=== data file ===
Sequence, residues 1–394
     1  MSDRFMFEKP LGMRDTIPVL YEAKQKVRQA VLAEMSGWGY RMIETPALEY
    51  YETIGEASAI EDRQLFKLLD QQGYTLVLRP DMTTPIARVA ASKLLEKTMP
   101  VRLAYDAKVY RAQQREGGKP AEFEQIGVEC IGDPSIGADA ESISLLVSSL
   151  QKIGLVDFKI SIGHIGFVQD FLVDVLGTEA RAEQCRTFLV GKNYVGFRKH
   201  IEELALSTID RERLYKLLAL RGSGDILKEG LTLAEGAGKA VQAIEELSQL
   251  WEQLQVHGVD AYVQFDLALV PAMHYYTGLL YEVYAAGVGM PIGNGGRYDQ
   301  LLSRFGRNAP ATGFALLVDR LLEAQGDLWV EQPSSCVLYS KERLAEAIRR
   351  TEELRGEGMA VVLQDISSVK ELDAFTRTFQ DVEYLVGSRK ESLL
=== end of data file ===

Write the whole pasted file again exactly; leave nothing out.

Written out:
Sequence, residues 1–394
     1  MSDRFMFEKP LGMRDTIPVL YEAKQKVRQA VLAEMSGWGY RMIETPALEY
    51  YETIGEASAI EDRQLFKLLD QQGYTLVLRP DMTTPIARVA ASKLLEKTMP
   101  VRLAYDAKVY RAQQREGGKP AEFEQIGVEC IGDPSIGADA ESISLLVSSL
   151  QKIGLVDFKI SIGHIGFVQD FLVDVLGTEA RAEQCRTFLV GKNYVGFRKH
   201  IEELALSTID RERLYKLLAL RGSGDILKEG LTLAEGAGKA VQAIEELSQL
   251  WEQLQVHGVD AYVQFDLALV PAMHYYTGLL YEVYAAGVGM PIGNGGRYDQ
   301  LLSRFGRNAP ATGFALLVDR LLEAQGDLWV EQPSSCVLYS KERLAEAIRR
   351  TEELRGEGMA VVLQDISSVK ELDAFTRTFQ DVEYLVGSRK ESLL